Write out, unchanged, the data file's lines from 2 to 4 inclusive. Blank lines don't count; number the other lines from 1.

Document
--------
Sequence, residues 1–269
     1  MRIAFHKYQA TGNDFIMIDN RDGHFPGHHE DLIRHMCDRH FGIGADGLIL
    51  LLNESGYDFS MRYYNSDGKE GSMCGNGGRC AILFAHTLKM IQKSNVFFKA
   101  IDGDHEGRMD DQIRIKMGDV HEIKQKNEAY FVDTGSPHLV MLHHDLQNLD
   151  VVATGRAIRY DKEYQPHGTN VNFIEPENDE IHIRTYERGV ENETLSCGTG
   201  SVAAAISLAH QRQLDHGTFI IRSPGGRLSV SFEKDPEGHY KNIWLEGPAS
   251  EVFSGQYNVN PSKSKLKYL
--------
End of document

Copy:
     1  MRIAFHKYQA TGNDFIMIDN RDGHFPGHHE DLIRHMCDRH FGIGADGLIL
    51  LLNESGYDFS MRYYNSDGKE GSMCGNGGRC AILFAHTLKM IQKSNVFFKA
   101  IDGDHEGRMD DQIRIKMGDV HEIKQKNEAY FVDTGSPHLV MLHHDLQNLD